The Order can be accessed at: Housing Finance Corporation Limited IA 24312020 in CP IB 42582019 NCLT ON 19.05.2021 FINAL ORDER.pdf
  • Regional Provident Commissioner Employees Provident Fund Organisation v. Vandana Gard and Ors.‘ Creditors can’t initiate proceedings to recover claims which are not part of approved Resolution Plan under IBC -12 May 2021“The Appellants claim about Provident Fund dues amounting to ₹1,95,01,301/-, which was earlier raised at the time of initiation of CIRP and was later admitted, stood frozen and will be binding (Emphasis supplied) on all the Stakeholders, including the Central Government. After approval of the Resolution Plan by the Adjudicating Authority, all such claims that are not part of the resolution plan shall stand extinguished. No person is entitled to initiate or continue any proceeding regarding a claim that is not part of the resolution plan,” the NCLAT said.
    It held that no proceedings in respect of such dues for the period prior to the date on which the Adjudicating Authority grants its approval under Section 31 could be continued.
    The Judgement can be accessed at:
  • India Resurgence Arc Private Ltd. v. M/s Amit Metaliks Ltd. and Anr. Resolution Plan cannot be challenged by Secured Creditor- 13 May 2021It was contended in the appeal that the Committee of Creditors (“CoC”) couldn’t have approved the resolution plan which failed to consider the priority and value of security interest of the creditors. The Court observed that, “Once it is found that all the mandatory requirements have been duly complied with and taken care of, the process of judicial review cannot be stretched to carry out quantitative analysis qua a particular creditor or any stakeholder, who may carry his own dissatisfaction. In other words, in the scheme of IBC, every dissatisfaction does not partake the character of a legal grievance and cannot be taken up as a ground of appeal”.
    The Supreme Court held that the Resolution Plan approved under the Insolvency and Bankruptcy Code cannot be challenged by a dissenting secured creditorson grounds of higher amount payable on security interest as it will lead to an inequitable scenario.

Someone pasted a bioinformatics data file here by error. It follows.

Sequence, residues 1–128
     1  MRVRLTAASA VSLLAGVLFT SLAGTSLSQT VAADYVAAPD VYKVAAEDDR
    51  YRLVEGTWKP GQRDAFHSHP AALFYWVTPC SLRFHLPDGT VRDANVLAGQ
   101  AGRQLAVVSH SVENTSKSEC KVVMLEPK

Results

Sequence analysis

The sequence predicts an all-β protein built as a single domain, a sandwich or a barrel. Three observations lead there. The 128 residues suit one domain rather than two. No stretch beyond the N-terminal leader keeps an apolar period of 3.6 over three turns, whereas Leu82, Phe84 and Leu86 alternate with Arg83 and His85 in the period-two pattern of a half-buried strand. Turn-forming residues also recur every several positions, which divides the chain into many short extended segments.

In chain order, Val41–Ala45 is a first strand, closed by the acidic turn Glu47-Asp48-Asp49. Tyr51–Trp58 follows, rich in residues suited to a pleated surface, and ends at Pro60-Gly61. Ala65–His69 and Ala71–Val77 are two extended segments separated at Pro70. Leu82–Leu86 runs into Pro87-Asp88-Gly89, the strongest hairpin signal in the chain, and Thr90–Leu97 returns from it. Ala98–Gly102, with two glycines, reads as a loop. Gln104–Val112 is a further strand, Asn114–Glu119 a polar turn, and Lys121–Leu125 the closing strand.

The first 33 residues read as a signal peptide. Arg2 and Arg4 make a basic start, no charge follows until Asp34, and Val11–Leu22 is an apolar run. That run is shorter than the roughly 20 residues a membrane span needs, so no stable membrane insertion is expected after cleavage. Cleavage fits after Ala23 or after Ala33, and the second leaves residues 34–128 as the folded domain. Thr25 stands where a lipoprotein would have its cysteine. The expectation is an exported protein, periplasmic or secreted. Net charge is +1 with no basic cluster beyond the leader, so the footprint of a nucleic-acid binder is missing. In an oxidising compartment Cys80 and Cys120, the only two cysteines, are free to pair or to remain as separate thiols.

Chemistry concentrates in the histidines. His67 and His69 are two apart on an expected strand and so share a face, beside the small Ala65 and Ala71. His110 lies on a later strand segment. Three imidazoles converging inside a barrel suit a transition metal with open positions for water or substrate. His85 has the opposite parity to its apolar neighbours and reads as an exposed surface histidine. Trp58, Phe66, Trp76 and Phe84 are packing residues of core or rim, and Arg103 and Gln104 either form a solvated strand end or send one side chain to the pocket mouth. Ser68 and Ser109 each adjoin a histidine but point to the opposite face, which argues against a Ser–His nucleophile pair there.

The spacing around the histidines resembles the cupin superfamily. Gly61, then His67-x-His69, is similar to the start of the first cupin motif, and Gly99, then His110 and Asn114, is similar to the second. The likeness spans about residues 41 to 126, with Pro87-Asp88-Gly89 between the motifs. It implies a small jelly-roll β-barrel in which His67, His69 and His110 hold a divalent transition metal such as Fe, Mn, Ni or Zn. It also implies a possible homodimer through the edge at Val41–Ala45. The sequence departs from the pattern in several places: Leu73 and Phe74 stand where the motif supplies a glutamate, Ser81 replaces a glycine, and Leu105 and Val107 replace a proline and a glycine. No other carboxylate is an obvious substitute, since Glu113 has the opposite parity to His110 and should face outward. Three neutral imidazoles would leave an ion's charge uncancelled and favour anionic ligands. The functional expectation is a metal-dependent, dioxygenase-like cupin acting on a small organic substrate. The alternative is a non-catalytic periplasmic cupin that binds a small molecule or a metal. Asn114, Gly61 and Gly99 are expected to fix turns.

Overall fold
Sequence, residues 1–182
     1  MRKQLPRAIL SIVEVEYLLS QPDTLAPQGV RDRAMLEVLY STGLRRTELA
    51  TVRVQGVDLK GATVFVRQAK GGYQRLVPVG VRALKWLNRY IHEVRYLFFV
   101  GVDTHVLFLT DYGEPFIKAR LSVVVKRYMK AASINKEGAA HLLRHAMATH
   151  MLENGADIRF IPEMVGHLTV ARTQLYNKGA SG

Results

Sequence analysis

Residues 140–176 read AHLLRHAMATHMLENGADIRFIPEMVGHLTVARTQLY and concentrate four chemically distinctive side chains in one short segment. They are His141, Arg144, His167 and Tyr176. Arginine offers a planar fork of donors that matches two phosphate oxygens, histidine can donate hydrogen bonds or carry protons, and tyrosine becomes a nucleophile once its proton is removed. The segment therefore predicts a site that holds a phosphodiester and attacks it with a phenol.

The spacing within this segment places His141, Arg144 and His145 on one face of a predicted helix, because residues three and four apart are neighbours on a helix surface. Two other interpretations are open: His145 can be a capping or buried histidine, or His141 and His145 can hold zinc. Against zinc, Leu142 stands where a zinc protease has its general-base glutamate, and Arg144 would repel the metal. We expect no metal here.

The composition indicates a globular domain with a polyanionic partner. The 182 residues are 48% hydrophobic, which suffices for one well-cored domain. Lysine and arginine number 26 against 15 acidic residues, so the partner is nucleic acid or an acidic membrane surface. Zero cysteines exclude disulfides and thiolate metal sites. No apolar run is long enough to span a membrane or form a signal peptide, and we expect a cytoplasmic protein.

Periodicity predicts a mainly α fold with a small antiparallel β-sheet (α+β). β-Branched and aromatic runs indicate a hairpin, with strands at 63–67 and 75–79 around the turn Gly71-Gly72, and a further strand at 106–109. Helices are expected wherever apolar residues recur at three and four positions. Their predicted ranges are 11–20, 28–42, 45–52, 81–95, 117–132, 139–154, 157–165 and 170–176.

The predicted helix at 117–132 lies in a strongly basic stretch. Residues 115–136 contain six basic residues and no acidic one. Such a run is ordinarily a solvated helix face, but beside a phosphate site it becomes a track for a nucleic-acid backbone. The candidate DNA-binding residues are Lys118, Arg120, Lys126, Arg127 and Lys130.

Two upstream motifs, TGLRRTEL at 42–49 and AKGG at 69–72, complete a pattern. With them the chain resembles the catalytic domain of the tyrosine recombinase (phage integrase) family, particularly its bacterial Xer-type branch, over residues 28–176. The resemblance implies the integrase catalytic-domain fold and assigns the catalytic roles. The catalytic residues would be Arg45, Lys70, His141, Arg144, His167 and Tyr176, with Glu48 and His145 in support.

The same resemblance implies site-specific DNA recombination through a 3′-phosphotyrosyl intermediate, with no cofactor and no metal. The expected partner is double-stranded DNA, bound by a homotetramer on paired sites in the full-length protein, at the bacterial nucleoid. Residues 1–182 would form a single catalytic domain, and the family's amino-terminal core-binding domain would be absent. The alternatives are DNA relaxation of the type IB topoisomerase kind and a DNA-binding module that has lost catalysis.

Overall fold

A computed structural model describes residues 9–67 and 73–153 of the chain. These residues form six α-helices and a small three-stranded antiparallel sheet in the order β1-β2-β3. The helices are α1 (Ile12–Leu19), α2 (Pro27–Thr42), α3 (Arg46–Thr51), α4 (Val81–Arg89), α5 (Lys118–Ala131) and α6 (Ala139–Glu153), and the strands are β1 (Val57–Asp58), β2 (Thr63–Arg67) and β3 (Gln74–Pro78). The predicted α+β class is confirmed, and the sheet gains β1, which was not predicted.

The Judgement can be accessed at:


  • Jagjeet Singh v. The State of Punjab
    Hacking, Data Theft attract offences under IPC also, and not just the Information Technology Act-18 May 2021
    The FIR in consideration had allegations of theft of software, illegal copying of database and source code etc.It had been urged that the allegations pertain to alleged theft of software and at best may amount to offences under the IT Act under its Sections 43 and 66, which are bailable offences. It had been advanced by the council that the FIR has invoked the provisions of the IPC to deprive the petitioner of his statutory right to bail, it had been advanced.
    The Supreme Court has remarked that in a case of hacking and data theft, in addition to penal provisions of the IT Act, offences under the IPC would also be attracted and that the IT Act would not exclude the applicability of the IPC. Hence, the SLP was rejected and it was held that anticipatory bail cannot be granted.
    The Judgement can be accessed at:
  • Bennet Coleman Co. Ltd. v. Whatsapp Inc and Ors.
    Circulation of e-papers violates copyright -21 May 2021
    The Delhi high court has restrained WhatsApp and Telegram from illegally circulating e-papers of The Times of India and sister publication Navbharat Times on their platform. It issued notice to the two apps along with certain individuals who are administrators of groups on their platforms while barring them from circulating e-papers for copyright violations.
    It has also issued notice to Ministry of Electronics and Information Technology for its response on the suit.
    The Order can be accessed at: